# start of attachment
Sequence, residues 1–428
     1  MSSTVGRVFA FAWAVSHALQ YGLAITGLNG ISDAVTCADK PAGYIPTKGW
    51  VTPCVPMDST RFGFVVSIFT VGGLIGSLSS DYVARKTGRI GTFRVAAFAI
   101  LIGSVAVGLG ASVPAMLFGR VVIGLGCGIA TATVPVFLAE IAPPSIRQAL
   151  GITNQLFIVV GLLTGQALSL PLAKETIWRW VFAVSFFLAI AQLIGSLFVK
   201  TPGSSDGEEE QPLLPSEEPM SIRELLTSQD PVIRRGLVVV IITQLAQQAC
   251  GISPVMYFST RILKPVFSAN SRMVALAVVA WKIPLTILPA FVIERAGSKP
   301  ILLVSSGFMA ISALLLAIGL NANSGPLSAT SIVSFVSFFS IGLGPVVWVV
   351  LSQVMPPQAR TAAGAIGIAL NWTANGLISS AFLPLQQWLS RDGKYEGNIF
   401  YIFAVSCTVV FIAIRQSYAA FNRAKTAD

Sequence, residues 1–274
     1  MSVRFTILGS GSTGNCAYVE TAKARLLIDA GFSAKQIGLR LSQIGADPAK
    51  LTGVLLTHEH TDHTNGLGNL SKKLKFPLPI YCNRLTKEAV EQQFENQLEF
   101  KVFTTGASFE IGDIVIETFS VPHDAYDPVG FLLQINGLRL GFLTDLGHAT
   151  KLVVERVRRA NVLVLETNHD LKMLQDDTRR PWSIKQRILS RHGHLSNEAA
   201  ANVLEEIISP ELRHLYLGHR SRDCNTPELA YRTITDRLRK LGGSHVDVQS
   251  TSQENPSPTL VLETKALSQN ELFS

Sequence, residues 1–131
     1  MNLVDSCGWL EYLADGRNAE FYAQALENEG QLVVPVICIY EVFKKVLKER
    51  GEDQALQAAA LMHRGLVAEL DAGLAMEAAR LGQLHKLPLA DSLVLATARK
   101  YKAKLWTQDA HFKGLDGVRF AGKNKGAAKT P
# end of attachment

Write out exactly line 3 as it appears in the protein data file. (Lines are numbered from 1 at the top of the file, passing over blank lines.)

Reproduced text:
    51  VTPCVPMDST RFGFVVSIFT VGGLIGSLSS DYVARKTGRI GTFRVAAFAI